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Gambit Weekly Peripheral Vision, Parallel Worlds

By D. Eric Bookhardt

JANUARY 26, 1998:  Once upon a time, long before the rise of science and technology as we know them, everything in the world was thought to be alive. Not just the birds, bees and trees, but also the rocks, mountains and deserts; all were perceived as expressions of the nature spirits. But that was when all things were regarded as part of the life force of the planet unless proven otherwise.

Now, of course, we simply assume that everything is dead, or at least inert, until proven otherwise. Such is the position of 20th century science. Even so, not everyone is convinced. Native Americans were, and sometimes still are, great believers in the spirits -- the anima that enliven, or animate, the natural world. So too are voodooists, as well as the other shamanists who routinely solicit the spirits on behalf of public safety, protection from floods, hurricanes, earthquakes, or what have you. But in contemporary industrial societies, it is mostly a small minority of artists, poets, madmen and spiritualists that sees things this way.

And then there are the fellow travelers, artists like David Ivie, an Atlanta painter whose colorful little canvases appear to be seething with animist energies of all sorts. Even so, Ivie is no voodooist, shamanist or conjurer in the usual sense. No, his world is mostly urbane and civilized, and if animist energies are in evidence, they are reflections of modern society's shadowy side rather than any ordinary aberrations of nature.

Lights on Solids is case in point, a nocturnal streetscape of intimate, almost European proportions. Dreamy and surreal, it depicts a guy walking with his hands in his pockets through pools of light from the street lamps that dot a block of old buildings. Another guy casts long shadows in the archway of a French Quarter-style structure as wispy clouds above smudge the twilight sky. Steam billows from unseen portals as architectural statues appear frozen in voyeuristic poses, and the whole thing radiates a creepy somnambulistic vibe, like those zoned-out piazzas that DiChirico once painted -- dense, vacant vistas charged with the atmospheric suspense of inexplicable dreams.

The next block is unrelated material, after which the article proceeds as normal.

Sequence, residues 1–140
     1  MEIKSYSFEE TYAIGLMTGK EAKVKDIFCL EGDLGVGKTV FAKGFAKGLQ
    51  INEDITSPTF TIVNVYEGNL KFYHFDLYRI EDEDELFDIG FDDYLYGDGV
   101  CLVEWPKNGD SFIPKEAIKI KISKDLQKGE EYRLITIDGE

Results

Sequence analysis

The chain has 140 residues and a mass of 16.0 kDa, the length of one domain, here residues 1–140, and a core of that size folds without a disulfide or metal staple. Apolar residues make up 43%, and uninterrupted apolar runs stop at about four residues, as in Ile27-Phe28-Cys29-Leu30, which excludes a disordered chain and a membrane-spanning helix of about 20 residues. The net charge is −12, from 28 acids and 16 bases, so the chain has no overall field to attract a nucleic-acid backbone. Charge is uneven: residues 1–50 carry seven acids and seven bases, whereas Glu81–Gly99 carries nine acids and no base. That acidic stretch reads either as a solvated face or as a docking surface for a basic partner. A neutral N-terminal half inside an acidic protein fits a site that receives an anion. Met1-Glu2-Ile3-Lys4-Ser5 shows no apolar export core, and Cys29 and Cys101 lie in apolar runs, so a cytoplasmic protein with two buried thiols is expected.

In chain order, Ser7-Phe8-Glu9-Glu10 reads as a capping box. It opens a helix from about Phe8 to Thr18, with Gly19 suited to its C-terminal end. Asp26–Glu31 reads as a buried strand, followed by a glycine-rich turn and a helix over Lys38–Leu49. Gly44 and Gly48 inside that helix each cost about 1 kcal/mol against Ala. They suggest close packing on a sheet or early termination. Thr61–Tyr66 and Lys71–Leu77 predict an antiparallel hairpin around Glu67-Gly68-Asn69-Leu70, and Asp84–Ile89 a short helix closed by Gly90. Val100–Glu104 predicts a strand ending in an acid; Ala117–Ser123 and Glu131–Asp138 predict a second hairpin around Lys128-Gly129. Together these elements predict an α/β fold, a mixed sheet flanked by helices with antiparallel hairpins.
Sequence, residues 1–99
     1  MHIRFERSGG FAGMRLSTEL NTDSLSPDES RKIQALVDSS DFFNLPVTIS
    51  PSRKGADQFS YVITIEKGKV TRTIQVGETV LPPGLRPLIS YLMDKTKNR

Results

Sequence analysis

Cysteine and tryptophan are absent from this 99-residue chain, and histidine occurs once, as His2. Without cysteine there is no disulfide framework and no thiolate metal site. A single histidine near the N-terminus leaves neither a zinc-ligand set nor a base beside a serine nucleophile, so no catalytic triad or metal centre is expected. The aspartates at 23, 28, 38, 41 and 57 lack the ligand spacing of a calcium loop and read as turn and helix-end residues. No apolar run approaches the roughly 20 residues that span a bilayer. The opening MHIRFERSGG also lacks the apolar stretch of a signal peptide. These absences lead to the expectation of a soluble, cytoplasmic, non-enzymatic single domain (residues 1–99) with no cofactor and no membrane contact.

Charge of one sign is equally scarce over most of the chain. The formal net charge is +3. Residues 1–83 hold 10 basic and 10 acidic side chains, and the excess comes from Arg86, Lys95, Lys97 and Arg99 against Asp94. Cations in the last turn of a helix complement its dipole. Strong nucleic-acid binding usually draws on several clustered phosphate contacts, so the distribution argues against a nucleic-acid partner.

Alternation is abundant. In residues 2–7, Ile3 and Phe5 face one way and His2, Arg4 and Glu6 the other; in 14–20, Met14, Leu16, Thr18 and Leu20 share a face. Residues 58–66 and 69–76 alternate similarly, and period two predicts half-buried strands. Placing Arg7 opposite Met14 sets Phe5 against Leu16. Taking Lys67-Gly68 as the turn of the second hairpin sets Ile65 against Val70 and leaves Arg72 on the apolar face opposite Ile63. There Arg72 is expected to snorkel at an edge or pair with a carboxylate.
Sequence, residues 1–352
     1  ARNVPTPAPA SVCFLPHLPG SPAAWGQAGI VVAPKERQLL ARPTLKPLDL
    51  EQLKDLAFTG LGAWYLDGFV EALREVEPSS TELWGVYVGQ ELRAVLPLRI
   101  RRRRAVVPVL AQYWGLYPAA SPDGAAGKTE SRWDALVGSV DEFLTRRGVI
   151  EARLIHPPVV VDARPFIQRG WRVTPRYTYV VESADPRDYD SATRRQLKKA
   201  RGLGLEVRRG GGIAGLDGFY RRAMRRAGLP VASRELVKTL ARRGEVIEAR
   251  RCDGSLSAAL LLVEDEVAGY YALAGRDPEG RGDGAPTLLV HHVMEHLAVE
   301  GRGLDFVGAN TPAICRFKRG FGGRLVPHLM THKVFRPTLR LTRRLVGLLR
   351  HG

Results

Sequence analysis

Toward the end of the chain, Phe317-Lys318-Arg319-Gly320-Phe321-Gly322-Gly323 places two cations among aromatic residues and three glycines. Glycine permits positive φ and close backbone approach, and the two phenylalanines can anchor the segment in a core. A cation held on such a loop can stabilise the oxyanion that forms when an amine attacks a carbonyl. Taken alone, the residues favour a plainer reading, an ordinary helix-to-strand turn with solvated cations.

Not that Ivie is any DiChirico -- no one is, or could be. But Ivie does have a way with that intimate, twilight zone dream scene syndrome. Only in his case, it is all rather postmodern and gothic as we see in Penthouse, a cityscape with a view. Set among the rooftops of an old yet modern city, the piece evokes parts of Paris or Milan, places where gothic highrises share the skies with office towers under construction and baroque gold domes topped with statuary. But the central focus is an all-glass penthouse apartment in which a nude couple stands staring (presumably deeply and with passion) into each other's eyes.


Ivie's Lights on Solids displays his modern interpretation of the ancient shamanistic tradition
The fluid lines of their bodies bask in the balmy afternoon glow of sunshine and hormones, and suddenly it is all there once again: the nature spirits cavorting among the angular skyline of the city. Dense, serpentine clouds set the tone as they soot up the sunset like squid slithering along sandy Caribbean shallows. It is a truly animist sky, dense with vapor and intrigue, the kind of sky that caused raised eyebrows back in Van Gogh's day but which now seems archly romantic if not anachronistic.

Ivie deftly dodges such retro innuendo, however, with a pointedly film noir resonance, a sense of lurking darkness, as if Tony Perkins or Bette Davis were skulking just around the corner. Quite small and loosely if expressively painted, Ivie's canvases evoke a late 20th century brand of animism.

Nature spirits of a more traditional variety inhabit the charged, shadowy spaces of Debbie Fleming Caffery's landscapes. Photographed in South Louisiana and Mexico, Caffery's images are unusually ambient and atmospheric, like subjective sequences of peripheral vision, fragmented dreams of jungles and serpents, of swarthy natives and strange rituals lost in the ruins of ancient empires. Actually, Caffery explores anachronisms common to both Louisiana and Mexico, practices like cockfighting, outlawed in most of America yet still found in places where medievalism and tribalism coalesce. Louisiana and Mexico share parallel legacies of cruel and unusual beauty.

But this is no docudrama; the tone is entirely subjective and poetic, as we see in apocalyptic images of charred infernal cane fields and dead alligators in repose, maskers on horseback and torchlit processions. Or dusky little Chicanas outfitted as angels. In lands where nature and tradition are still strong, the spirits of place remain vital. Caffery's photographs suggest the visionary prophecies of the spirit oracles, signs and omens in a universal, if long forgotten, language.


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